Deep Dive: Tom Verlaine – The First Five Years
Today we celebrate the birthday of Tom Verlaine, the singer, songwriter, and guitarist best known for his work with the band Television. Just because that’s why he’s best known, however, doesn’t mean that it’s all he’s done, which is why we thought we’d celebrate his birthday by doing a deep dive into the four albums he released during the first five years of his solo career.
• TOM VERLAINE (1979): If you think Verlaine’s self-titled solo debut sounds more like a Television album than anything, well, there’s a reason for that: several of the songs were originally intended for the band. In the end, that didn’t happen, but they still turned out to be classic entries into Verlaine’s solo catalog, kicking off his album in critically-acclaimed fashion. Probably the most notable track on the album is “Kingdom Come,” as it was subsequently covered by David Bowie on his SCARY MONSTERS (AND SUPER CREEPS) album.
• DREAMTIME (1981): Creatively speaking, Verlaine clearly was in no slump when he released his sophomore album. Even better, it provided him with his first solo entry into the Billboard 200, with the album climbing to #177. Yes, we know, it’s not like it went triple platinum, but all things considered, that’s still pretty amazing.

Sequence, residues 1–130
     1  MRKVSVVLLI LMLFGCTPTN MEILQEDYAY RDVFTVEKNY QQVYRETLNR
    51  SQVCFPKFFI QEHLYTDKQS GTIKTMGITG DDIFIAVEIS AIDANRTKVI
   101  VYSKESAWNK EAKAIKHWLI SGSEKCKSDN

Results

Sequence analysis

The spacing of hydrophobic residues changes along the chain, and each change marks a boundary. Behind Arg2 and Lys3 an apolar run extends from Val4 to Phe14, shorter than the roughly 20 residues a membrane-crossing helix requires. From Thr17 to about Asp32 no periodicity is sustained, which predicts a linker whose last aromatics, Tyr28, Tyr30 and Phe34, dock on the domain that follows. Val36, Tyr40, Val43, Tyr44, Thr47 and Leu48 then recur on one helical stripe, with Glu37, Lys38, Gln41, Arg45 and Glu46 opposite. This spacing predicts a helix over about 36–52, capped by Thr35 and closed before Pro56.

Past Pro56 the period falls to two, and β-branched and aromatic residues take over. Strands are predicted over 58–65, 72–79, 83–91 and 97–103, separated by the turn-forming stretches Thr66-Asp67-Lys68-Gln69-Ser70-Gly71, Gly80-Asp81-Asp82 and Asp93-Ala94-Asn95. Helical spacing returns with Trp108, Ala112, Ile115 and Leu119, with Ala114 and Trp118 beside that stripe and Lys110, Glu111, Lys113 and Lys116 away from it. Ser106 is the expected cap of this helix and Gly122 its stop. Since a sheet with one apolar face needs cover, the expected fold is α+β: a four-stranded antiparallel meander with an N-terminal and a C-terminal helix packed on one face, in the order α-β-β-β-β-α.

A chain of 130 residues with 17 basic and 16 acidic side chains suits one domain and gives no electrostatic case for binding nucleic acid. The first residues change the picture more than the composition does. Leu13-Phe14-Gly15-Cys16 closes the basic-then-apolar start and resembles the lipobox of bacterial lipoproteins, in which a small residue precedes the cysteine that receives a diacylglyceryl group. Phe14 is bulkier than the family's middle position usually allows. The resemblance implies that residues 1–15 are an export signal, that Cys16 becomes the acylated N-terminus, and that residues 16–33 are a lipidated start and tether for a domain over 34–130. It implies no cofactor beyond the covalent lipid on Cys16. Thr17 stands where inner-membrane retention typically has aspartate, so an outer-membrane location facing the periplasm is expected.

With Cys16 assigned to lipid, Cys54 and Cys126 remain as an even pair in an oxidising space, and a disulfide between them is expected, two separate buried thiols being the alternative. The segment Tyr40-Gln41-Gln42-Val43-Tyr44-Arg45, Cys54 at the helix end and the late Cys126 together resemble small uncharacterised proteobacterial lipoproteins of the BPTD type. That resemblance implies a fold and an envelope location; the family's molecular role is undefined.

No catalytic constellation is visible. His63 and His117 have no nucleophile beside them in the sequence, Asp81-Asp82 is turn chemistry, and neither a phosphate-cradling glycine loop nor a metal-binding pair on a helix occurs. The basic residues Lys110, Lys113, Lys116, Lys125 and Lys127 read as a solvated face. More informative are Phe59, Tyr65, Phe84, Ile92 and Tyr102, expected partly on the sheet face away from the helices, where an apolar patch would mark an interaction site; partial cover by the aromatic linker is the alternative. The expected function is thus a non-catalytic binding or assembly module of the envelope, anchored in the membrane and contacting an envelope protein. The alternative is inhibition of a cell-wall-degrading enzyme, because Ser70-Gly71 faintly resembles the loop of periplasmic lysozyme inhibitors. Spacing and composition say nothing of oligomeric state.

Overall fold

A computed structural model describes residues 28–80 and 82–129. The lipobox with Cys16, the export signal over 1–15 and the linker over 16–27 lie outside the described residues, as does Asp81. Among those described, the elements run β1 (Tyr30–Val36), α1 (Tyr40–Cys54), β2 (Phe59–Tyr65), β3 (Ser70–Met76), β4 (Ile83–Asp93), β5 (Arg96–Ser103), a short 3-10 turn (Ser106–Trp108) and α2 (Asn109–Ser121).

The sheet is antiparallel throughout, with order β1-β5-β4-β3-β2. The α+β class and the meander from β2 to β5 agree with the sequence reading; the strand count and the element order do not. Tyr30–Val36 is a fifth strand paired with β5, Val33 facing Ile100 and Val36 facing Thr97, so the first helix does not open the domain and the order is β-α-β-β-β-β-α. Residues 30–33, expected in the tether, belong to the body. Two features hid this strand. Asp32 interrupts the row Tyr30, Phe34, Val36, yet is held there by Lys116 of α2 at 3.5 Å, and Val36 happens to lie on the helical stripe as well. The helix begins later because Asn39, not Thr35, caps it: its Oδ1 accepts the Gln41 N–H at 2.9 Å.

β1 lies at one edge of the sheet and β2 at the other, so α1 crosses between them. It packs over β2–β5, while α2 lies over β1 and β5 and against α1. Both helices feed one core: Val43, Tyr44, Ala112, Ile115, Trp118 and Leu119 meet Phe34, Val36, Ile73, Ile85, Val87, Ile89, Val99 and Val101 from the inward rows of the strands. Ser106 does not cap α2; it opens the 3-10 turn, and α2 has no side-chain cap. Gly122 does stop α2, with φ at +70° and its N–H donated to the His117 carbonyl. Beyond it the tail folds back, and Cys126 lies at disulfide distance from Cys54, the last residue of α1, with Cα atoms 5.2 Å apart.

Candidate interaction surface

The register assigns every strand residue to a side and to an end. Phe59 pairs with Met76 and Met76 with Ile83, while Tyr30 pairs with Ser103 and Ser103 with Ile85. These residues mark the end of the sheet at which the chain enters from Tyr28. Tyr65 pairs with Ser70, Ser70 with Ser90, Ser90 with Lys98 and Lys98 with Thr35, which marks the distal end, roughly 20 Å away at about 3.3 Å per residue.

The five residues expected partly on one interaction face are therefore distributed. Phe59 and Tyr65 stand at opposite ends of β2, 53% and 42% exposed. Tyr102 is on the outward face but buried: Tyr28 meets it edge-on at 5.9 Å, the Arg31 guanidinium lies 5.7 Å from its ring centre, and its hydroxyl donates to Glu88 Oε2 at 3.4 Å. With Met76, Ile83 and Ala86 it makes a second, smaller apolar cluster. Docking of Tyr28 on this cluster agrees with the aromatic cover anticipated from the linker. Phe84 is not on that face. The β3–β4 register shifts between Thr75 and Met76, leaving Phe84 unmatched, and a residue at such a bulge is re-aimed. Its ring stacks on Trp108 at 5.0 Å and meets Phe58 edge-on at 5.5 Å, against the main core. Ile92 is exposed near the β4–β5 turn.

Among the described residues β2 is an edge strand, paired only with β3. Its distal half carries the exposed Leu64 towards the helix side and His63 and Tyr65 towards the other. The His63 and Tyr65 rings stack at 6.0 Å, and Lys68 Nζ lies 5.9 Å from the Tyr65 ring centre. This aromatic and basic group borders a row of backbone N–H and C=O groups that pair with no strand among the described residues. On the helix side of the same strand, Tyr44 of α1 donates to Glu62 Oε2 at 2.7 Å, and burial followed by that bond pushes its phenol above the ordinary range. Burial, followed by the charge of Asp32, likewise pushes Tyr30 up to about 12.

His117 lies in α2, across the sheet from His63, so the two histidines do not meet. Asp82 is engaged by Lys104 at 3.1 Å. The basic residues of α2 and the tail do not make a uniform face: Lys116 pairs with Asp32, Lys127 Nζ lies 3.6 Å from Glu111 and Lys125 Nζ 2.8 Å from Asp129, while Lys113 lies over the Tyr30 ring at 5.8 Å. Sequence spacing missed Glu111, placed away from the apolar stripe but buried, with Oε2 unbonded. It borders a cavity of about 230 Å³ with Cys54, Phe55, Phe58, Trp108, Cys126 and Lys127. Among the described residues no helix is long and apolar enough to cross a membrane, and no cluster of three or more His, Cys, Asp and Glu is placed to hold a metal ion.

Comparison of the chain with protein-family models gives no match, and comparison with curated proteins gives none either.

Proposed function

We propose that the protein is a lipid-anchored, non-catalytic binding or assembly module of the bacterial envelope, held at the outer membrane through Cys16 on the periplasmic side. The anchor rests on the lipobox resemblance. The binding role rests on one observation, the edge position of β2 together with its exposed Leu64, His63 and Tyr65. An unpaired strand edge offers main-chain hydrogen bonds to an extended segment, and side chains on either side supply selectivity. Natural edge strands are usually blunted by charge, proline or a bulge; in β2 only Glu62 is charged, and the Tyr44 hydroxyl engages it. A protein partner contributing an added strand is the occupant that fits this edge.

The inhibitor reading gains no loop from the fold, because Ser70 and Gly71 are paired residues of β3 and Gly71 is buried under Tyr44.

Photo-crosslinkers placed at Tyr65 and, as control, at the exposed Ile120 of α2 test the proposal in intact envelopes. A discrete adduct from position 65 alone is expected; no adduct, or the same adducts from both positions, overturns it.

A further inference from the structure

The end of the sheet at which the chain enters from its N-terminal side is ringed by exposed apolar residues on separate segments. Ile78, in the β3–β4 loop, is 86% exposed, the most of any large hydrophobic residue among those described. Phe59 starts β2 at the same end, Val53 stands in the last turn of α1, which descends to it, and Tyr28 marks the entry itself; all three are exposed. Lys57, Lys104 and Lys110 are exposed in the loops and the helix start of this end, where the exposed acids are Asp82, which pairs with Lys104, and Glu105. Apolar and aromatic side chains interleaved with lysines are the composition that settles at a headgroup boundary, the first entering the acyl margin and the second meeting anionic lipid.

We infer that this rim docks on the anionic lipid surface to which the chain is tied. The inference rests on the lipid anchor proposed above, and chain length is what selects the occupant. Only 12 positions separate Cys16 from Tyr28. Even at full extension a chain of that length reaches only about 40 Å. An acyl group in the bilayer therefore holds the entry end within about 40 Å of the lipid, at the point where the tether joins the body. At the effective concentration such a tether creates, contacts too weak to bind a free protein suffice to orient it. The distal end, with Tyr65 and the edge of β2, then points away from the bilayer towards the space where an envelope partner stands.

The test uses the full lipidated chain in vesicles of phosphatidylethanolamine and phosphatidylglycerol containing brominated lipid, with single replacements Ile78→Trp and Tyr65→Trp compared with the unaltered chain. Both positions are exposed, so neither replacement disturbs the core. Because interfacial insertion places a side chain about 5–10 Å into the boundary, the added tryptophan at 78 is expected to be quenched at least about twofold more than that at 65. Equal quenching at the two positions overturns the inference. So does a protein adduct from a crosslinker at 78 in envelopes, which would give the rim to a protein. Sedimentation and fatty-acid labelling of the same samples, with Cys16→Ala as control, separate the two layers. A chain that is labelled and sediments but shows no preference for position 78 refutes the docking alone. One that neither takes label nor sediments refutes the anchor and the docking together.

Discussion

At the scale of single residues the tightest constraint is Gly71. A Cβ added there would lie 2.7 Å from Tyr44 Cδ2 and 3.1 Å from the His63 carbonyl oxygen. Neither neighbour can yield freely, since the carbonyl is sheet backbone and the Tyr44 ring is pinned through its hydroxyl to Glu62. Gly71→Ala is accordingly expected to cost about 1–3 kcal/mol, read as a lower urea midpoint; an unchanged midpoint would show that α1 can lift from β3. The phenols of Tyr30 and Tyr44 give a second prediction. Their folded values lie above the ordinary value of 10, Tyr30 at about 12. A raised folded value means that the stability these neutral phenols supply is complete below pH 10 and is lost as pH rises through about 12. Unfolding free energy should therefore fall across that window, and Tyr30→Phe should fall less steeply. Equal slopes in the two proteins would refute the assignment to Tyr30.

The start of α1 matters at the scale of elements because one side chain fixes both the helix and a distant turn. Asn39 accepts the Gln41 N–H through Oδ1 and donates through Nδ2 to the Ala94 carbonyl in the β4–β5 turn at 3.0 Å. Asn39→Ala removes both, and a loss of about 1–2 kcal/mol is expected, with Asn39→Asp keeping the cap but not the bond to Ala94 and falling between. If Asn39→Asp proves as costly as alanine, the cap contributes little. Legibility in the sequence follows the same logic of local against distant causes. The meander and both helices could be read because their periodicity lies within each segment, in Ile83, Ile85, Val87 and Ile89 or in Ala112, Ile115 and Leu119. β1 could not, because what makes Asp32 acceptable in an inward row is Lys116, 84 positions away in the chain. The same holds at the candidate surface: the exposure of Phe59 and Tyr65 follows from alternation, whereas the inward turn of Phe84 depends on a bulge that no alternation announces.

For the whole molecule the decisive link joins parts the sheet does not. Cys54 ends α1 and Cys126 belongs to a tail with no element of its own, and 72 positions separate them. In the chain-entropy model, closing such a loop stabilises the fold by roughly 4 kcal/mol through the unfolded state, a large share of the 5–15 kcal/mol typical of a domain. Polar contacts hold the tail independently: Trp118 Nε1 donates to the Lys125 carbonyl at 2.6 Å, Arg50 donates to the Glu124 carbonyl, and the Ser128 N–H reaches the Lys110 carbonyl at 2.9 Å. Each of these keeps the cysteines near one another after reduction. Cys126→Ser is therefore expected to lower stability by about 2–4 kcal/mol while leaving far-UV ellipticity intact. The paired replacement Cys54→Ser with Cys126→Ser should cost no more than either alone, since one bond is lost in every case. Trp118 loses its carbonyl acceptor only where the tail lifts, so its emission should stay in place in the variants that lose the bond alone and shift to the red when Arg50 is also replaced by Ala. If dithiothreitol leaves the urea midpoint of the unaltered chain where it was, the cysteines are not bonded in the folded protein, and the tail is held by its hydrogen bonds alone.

• WORDS FROM THE FRONT (1982): While not as acclaimed as its predecessors, Verlaine’s third album was still greeted rapturously by the UK press, with New Musical Express citing it as one of the top 50 albums of 1982. Also notable is that fact that Lene Lovich guested on two tracks: “Days on the Mountain” (on saxophone) and “Postcard from Waterloo” (on vocals).
• COVER (1984): Once again, a critical smash which wound up in NME’s top 50 albums of the year, but it didn’t make its way into the Billboard 200. On the other hand, it climbed all the way to #35 on the Swedish Albums chart. No, we don’t know why. Well, you know, aside from the fact that Swedes have notoriously solid taste in music...